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Practice devices.

JamesOxford

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48
Location
Oxford, UK
Finally picked up a tenor, so texted my neighbours warning them to let me know when it becomes unbearable. Luckily both said noise was ok, so I no-longer have to worry about building a room within a room or investing in a mute.
I've only played the tenor over a weekend, but I am ready to swear fealty and abandon the alto. Assuming I am now a tenor player, I wonder how other tenor or Bari players who travel for work etc. ever get to practice?
Not that anyone is travelling much at the moment, but in general. I used to take my alto into the woods to play, the size of the tenor is on the cusp of me choosing not to be arsed.

I read with interest the review here of the Yamaha YDS-150 and have seen the Roland Aerophone and other wind controllers. It seems these are somewhere between being an instrument in their own right, novelty instrument, or practice device. The Emeo is pitched as a practice device rather than instrument, has more realistic keys than other controllers and solves the problem of playing anytime, anywhere without disturbing others; as usual with these devices, embouchure practice is unresolved. The main problem is the price, $1550 is more than a lot of people starting out would spend on their saxes.

I feel like this problem (playing quietly, with something small and light enough to travel with) is something that manufacturers keep moving closer to, but no solution is quite there yet.
Seems getting a cheap soprano may be the best practice device for a tenor player? Could possibly DIY mute one too, or this, if it is a real thing:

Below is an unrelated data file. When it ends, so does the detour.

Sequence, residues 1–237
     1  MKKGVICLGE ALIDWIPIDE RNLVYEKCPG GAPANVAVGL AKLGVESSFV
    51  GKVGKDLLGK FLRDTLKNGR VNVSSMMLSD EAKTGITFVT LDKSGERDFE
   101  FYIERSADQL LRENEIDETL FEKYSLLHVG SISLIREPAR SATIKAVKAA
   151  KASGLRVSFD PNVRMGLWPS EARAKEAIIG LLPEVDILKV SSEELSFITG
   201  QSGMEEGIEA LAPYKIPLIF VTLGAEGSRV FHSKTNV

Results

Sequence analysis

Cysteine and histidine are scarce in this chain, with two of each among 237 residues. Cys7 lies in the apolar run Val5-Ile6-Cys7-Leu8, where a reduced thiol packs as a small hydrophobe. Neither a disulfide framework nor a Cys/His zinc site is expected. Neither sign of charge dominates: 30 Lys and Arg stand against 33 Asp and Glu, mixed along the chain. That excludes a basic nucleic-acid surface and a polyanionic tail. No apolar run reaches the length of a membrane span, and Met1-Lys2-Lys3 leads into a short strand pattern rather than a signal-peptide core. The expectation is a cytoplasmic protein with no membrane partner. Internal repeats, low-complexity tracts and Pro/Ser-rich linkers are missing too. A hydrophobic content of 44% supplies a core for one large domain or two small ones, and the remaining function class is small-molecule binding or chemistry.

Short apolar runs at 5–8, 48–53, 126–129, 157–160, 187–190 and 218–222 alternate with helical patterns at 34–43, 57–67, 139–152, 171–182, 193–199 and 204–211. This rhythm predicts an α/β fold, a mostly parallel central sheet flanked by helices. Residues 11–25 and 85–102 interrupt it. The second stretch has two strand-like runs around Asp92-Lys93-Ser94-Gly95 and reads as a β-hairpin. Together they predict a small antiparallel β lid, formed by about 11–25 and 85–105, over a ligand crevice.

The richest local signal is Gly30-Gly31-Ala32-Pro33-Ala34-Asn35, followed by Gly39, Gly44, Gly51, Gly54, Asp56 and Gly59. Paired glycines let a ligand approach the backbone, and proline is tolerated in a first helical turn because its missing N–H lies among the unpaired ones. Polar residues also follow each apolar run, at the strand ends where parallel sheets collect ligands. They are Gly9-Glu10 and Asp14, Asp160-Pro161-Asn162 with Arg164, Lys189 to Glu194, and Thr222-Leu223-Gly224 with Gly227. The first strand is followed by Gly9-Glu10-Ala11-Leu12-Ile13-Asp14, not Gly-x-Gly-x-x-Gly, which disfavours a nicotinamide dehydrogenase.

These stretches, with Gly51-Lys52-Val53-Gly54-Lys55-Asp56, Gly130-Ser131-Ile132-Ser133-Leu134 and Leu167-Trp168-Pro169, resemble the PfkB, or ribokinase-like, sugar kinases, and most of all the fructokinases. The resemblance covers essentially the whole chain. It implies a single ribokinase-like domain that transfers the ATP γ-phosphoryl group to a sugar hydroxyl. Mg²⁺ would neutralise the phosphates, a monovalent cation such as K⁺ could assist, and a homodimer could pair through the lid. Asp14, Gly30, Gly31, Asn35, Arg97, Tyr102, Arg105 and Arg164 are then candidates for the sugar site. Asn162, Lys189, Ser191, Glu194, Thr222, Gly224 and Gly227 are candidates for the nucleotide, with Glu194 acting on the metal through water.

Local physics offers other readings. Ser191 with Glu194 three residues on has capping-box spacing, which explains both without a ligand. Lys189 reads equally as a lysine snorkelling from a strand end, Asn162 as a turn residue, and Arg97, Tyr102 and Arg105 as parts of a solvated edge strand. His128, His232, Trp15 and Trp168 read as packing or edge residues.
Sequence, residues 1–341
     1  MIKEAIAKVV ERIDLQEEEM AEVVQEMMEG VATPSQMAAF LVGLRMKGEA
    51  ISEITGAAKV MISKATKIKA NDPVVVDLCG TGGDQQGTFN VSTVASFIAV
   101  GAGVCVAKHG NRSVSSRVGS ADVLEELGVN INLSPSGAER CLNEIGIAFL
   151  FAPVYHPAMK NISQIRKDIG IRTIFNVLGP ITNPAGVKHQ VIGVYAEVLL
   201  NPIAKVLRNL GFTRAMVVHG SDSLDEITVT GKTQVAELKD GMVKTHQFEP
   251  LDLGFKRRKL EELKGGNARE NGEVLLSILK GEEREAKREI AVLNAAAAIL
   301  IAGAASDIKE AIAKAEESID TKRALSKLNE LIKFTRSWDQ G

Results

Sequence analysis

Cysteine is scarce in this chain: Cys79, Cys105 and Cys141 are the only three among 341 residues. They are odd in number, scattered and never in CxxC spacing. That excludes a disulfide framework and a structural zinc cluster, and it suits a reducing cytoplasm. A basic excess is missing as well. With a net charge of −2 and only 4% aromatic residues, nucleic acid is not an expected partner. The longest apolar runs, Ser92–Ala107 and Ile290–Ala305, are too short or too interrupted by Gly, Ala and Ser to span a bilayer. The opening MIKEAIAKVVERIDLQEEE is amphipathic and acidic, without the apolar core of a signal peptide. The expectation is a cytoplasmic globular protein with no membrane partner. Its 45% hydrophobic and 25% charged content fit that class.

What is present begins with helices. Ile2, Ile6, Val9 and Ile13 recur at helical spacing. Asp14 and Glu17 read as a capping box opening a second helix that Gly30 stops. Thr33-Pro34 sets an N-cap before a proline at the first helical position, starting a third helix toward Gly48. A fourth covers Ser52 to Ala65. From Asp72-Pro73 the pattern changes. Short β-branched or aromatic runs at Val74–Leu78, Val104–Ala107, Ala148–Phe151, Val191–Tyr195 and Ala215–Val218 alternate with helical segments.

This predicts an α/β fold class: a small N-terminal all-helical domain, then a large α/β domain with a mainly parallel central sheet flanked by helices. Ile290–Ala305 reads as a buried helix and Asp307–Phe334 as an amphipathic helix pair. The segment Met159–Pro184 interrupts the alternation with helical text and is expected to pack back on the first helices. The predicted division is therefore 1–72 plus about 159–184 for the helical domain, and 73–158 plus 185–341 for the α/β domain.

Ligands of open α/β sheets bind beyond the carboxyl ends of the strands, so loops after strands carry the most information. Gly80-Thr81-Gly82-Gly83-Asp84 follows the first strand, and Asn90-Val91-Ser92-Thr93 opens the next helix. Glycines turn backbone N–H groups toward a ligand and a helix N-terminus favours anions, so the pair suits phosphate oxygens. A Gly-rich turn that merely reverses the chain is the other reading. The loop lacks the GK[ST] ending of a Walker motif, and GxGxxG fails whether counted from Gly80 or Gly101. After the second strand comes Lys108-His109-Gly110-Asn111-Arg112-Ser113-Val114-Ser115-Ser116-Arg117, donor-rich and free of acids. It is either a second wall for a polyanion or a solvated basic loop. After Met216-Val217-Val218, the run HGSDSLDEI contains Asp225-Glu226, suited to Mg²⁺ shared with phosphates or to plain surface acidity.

Digital Mute For Woodwind Instruments | Freedom Player. (I've never touched a soprano, so don't know what their issues would be or how softly they could be played.)

What are your thoughts?
 
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nigeld

I don't need another mouthpiece; but . . .
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Bristol, UK
I suspect that most neighbours would prefer to be next door to a tenor than a soprano. In my experience it's no easier to play a soprano softly than a tenor.
 

JamesOxford

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48
Location
Oxford, UK
Thanks @nigeld , that answers one question.
I wonder if there is any solution to the problem of having something portable and preferably quiet to practice with when travelling.
It seems that none of the solutions enable practice of articulation, embouchure. So whatever the answer is would be some kind of compromise. The EMEO seems to be the closest, but the price doesn't make sense for me if all you can practice is fingering.
To practice muscle memory for scales etc. If a cheap new soprano from gears4music is £250, you could probably pick up a second hand one for £150, and if what you are practicing is fingering, it wouldn't even have to make a decent sound. You could sing the notes in your head while practicing scales etc.

Take it for read, that I am not talking about something to replace playing a saxophone. Obviously that is the main practice, but the year before COVID I travelled a lot, often 2/3 weeks at a time and looking at my tenor case no way would I be able to travel with that, or be loud where I was staying.
Anyway this is just hypothetical ramblings and maybe a non-issue for most people, but wondered if some more experienced players had any thoughts about this
I see lots of posts about how difficult it is play in tune with a sop anyway. I am not really interested in doubling, but I can see me wanting to take something for a walk in the countryside for an outside practice.

Having just learned what GAS means, maybe I've just been infected with that?
 

mizmar

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298
Location
Trondheim, Norway